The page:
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Film Review: Catch-22 (1970)

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“A bombardier during World War Two tries desperately to escape the insanity of the war. However, sometimes insanity is the only sane way cope with a crazy situation. Catch-22 is a parody of the military mentality and bureaucratic society in general.” (courtesy IMDB)

Hot off the enormously successful film The Graduate (1967), director Mike Nichols could have had any production bankrolled, and just to prove it he chose Joseph Heller‘s darkly comic novel Catch-22 (1970), long considered unfilmable. At the time, the film was largely written-off as a well-intentioned but colossal failure by critics and audiences, but there’s no doubt that amongst this episodic, fragmented movie there are far too many good things in it to ignore.

Despite a career consisting of superb performances, the last thirty years have inexplicably seen Alan Arkin become one of Hollywood’s forgotten actors, largely reduced to playing homely father-figures, most recently seen as the Chief of Control in Get Smart (2008). As Captain Yossarian, a bombardier who’ll do anything to prove he’s too insane to fly an ever-increasing number of missions, Arkin is nothing short of spectacular. Whether angrily ranting, passively glowering or just rolling his eyes in disbelief, there lurks behind those exasperated intelligent peepers a sparking fuse that constantly threatens to go supernova. But for Arkin’s Yossarian, pretending to be crazy isn’t that easy when those surrounding him are ten times more loony than he could ever hope to fake.

In what must rank as one of the greatest supporting casts ever assembled, the film reunites Psycho (1960) co-stars Anthony Perkins and Martin Balsam, along with Jon Voight as the grinning, opportunistic capitalist Milo Minderbinder, Richard Benjamin as Major Danby, and Benjamin’s wife Paula Prentiss as the wickedly sexy Nurse Duckett. Joining them are fresh-faced future stars like Martin Sheen, Art Garfunkel, Bob Balaban, Austin Pendleton, Charles Grodin and Bob Newhart, ably assisted by old pros Jack Gilford and Norman Fell. Oh, and some guy named Orson Welles. In a film packed with gutsy broad performances, some of the ensemble register more strongly than others, but it’s not from lack of trying.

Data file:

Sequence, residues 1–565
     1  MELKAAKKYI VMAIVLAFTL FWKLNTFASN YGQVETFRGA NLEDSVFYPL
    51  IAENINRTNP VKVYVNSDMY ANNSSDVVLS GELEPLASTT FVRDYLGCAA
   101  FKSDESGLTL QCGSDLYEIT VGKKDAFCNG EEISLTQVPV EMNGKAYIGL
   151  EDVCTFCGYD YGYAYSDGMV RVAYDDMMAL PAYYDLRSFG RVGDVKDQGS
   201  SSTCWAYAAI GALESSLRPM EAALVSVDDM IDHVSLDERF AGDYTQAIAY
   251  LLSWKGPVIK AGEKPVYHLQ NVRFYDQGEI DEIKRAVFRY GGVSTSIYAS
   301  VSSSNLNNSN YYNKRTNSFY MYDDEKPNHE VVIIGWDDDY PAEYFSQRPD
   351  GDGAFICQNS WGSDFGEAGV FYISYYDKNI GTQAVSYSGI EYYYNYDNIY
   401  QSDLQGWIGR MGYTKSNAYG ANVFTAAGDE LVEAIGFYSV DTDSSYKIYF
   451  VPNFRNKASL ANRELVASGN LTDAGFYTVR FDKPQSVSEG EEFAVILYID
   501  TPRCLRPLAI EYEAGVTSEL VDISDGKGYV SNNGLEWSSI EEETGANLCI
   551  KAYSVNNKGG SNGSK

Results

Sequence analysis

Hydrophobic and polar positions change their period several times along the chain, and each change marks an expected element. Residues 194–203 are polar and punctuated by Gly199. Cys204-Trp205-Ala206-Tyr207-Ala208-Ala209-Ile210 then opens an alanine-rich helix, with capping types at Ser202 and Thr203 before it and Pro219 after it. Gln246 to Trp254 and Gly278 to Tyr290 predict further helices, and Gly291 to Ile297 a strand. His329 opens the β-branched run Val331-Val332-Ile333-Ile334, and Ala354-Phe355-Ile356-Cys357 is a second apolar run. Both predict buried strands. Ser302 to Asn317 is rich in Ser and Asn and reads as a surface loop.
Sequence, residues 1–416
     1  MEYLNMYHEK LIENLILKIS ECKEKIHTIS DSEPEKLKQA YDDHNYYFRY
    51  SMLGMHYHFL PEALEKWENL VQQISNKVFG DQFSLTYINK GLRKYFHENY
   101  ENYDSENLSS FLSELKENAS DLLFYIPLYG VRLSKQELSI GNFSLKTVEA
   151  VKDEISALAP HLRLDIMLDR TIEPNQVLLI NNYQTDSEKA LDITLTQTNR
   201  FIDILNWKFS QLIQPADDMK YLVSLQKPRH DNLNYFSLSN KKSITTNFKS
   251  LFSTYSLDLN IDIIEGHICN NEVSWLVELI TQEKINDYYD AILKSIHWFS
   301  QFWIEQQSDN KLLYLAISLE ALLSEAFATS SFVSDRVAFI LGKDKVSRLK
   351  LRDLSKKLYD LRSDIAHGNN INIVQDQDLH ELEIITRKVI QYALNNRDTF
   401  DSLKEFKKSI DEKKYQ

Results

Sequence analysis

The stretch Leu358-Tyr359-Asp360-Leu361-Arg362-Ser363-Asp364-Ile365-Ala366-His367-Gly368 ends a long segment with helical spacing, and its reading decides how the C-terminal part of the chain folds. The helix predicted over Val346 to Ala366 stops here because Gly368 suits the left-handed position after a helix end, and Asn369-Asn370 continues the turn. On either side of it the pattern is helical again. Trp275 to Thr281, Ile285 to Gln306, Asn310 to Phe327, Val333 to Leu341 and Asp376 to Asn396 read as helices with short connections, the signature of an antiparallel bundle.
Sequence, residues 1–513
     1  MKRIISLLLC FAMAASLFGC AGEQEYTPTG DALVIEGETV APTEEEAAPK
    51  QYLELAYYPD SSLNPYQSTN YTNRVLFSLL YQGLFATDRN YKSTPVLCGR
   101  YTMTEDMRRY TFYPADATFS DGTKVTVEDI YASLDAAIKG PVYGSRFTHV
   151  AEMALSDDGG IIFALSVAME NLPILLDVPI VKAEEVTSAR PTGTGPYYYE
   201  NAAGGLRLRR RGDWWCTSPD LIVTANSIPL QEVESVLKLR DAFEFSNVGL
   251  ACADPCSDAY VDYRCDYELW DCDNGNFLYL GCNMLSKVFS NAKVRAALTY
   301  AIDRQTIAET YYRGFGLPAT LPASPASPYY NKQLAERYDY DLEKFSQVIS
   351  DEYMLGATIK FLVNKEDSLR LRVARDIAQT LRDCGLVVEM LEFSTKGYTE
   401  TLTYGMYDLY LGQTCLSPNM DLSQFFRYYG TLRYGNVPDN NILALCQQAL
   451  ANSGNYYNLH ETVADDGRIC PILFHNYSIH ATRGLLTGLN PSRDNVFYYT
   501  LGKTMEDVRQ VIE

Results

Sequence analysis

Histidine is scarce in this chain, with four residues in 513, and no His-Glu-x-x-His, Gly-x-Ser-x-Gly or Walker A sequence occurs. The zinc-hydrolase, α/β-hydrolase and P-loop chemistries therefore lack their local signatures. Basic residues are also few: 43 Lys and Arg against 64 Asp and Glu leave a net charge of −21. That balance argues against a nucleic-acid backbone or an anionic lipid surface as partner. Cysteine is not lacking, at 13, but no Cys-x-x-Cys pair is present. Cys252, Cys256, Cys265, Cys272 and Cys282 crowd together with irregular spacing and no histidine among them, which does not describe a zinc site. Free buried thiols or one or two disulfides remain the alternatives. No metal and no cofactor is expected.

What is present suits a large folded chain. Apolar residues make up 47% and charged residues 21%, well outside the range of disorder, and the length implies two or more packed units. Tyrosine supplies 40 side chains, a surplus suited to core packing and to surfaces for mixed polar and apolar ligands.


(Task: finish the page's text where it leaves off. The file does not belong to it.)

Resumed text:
After the neat and clever cutting techniques he employed on The Graduate, Nichols stepped back to give his cast breathing room and the chance to really build scene rhythms with his insistence on long uninterrupted takes. The results are often spellbinding although he told me it was a technique he’d later regret, it should be mentioned that nowadays Nichols’ films are visually indistinguishable as those of, say, Ivan Reitman. But here there’s no doubt that he and cinematographer David Watkin were seriously onto something.

Unlike most of the mammoth-budgeted epics of the late sixties, Catch-22 doesn’t have the dated ‘arc light in the face’ look that dominated films like Tora! Tora! Tora! (1970) and Hello Dolly (1969). Neither does it have the murky look introduced by M*A*S*H (1970). Watkin’s groundbreaking work anticipates the modern style adopted by such maverick photographers as Gordon Willis and Vilmos Zsigmond, whose radical experimentation in the early seventies brought us such astonishing looking films as Klute (1971) and McCabe And Mrs. Miller (1971). Watkin’s contribution and influence on cinematography has remained largely unsung, but his work here and his equally luminous job on Richard Lester films show a true master at work.

In fact, much to the producer’s frustration, Watkin insisted they shoot at exactly 2.45pm in order to achieve the hot burnt-out look of the film. Whatever the process, it’s a tangible heat that scorches the screen. The marvelous scenes depicting the flight crew’s wildly out-of-control bombers and their hopelessly languid attempts to take-off are nothing short of awesome, filmed through a massively long lens and a deliriously surreal heat haze. The scenes simulating the crew in flight are often jaw-dropping in their realism, the result of some of the finest front-projection seen since the apes discovered the monolith in 2001: A Space Odyssey (1968).

Catch-22 is unlikely to please audiences raised on Michael Bay films, as it undoubtedly makes some demands on the viewer, and its attempts to blend gallows humour, pathos and ribald jokes doesn’t always work. Catch-22 never grabbed audiences the way that the similarly-themed M*A*S*H did, but boy, there sure is some magnificent stuff on display here – if only all failures were this awesome. And it’s on that note I’ll vanish into the night, after first inviting you to rendezvous with me at the same time next week when I discuss another dubious treasure for…Horror News! Toodles!

Catch-22 (1970)

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